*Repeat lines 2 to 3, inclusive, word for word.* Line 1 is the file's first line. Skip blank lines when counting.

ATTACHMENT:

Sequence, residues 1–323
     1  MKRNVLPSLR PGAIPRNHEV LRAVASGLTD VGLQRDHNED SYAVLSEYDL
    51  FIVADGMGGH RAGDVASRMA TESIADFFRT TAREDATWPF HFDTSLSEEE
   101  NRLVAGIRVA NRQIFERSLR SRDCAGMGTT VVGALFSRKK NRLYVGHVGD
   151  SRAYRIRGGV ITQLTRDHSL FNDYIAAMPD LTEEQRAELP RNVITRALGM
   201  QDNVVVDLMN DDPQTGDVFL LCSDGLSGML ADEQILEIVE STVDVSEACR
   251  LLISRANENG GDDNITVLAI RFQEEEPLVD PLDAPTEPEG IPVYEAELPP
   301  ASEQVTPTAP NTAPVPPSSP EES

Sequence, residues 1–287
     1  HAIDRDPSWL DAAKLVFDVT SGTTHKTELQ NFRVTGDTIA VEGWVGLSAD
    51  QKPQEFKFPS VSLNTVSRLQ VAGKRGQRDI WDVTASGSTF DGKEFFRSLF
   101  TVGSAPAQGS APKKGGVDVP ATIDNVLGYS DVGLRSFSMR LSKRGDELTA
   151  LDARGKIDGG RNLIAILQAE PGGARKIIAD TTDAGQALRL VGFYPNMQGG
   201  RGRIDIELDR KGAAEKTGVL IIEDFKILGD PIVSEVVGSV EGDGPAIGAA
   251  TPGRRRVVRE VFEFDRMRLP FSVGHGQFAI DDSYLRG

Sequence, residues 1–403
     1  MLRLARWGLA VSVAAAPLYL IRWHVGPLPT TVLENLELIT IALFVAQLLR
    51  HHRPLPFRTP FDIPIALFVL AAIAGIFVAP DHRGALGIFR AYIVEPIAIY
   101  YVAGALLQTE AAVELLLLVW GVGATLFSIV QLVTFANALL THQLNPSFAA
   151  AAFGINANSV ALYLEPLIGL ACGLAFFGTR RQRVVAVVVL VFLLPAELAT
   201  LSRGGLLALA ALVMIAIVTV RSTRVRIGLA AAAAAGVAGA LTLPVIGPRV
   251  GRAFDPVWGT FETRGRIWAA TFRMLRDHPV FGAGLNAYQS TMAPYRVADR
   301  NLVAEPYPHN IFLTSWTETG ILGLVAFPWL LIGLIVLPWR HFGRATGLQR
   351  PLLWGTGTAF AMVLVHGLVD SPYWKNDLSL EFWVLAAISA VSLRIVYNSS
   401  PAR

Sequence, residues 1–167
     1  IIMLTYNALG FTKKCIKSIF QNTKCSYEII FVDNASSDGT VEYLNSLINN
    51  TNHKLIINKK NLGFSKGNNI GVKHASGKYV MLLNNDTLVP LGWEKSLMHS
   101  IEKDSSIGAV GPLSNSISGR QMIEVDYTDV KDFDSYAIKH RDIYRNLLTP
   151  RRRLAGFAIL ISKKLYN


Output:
     1  MKRNVLPSLR PGAIPRNHEV LRAVASGLTD VGLQRDHNED SYAVLSEYDL
    51  FIVADGMGGH RAGDVASRMA TESIADFFRT TAREDATWPF HFDTSLSEEE